> what's going on right now.
>
> I do agree that the code is messy.. Most of the time it's me fixing bugs I
> didn't anticipate as I go along and hacking everything into place..
>
> One thing I'm not too clear about is what you mean by "Track dependencies
> between models". I'm not sure how you think I should go about approaching
> this (which right now is a pretty big disaster.. though relatively stable)
>
> Cheers,
>
> Shuhao
>
> P.S. I don't want to go into the whole PEP8 discussion and 4 spaces vs
> whatever.. I just like the 2 spaces and the style guide that Google uses.
> Is that really a big deal if you're using it as a library?
>
> On Thu, Mar 1, 2012 at 9:35 PM, Andrey V. Martyanov <realduke at gmail.com>wrote:
>
>> Hi!
>>
>> Two things force me to avoid using Riakkit: the code is GPL licensed and
>> non pep8 compliant. So, I cannot fork it and make changes. The code needs
>> clean up, for example, json module is imported in document.py, but not
>> used. Riakkit has no conflict resolution logic, it's basically delegate the
>> work to underlying python client. If I'd like to implement my save method I
>> need to copy and rewrite more than 150 lines of code mess. What I think the
>> mapper should do:
>> 1. Serialize the objects to valid json;
>> 2. Deserialize the data back to class instances;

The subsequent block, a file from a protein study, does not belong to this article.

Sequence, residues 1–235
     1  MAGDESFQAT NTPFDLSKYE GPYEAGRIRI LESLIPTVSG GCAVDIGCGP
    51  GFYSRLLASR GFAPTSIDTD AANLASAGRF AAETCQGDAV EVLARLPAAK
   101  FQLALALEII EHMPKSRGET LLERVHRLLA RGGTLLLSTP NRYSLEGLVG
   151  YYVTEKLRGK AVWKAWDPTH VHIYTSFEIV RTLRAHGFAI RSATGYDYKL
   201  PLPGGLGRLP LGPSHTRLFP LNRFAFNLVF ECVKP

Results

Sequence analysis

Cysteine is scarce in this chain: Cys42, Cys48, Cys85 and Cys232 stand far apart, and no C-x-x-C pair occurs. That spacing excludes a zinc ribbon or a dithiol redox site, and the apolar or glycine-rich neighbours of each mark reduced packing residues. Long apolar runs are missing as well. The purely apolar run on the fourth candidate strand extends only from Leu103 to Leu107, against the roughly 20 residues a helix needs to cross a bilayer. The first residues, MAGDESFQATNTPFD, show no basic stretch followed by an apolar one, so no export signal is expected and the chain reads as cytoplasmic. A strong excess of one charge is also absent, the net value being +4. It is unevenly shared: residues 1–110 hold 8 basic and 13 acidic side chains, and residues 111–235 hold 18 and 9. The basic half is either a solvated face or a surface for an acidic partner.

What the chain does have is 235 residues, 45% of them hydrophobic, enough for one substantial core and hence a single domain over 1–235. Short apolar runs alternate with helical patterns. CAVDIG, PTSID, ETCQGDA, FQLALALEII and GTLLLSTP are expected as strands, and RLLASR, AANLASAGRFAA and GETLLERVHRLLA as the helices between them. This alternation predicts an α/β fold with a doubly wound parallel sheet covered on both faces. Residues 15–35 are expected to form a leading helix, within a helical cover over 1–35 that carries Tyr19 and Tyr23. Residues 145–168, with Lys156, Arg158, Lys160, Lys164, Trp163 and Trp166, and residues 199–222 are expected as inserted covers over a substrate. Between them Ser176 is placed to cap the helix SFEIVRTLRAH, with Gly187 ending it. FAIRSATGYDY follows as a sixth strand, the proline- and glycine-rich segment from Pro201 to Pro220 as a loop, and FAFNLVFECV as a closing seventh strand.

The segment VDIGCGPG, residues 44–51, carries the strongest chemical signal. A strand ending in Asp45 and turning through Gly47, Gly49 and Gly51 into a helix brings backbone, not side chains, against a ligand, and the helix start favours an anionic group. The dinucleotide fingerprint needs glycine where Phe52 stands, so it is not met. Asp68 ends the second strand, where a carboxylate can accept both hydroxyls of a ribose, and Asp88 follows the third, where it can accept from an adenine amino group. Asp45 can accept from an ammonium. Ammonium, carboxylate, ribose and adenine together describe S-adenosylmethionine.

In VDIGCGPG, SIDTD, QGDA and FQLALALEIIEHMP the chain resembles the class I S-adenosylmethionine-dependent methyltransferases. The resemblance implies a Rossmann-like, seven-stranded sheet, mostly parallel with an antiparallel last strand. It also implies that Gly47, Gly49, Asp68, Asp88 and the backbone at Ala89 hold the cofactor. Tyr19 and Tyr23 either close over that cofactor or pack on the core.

>> 3. Validate the fields data;
>> 4. Track dependencies between models;
>>
>> Simple example using Riakkit-like syntax;
>>
>> class Post(Document):
>>
>>     bucket_name  = 'posts'
>>
>>     title = types.StringProperty(required=True)
>>     content = types.StringProperty(required=True)
>>
>>
>> class Comment(Document):
>>
>>     bucket_name = 'comments'
>>
>>     text = types.StringProperty(required=True)
>>     post = types.IndexReferenceProperty(reference_class=Post,
>> collection_name='comments')
>>
>> >>> post = Post('title', 'content')
>> >>> comment1 = ('comment1', post=post)
>> >>> comment2 = ('comment2', post=post)
>> >>> post.is_valid()
>> True
>> >> post.serialize()
>> {
>>     "key": "post_key",
>>     "title": "title",
>>     "content": "content",
>>     "comments": [
>>         {
>>             "key": "comment1_key",
>>             "text": "comment1"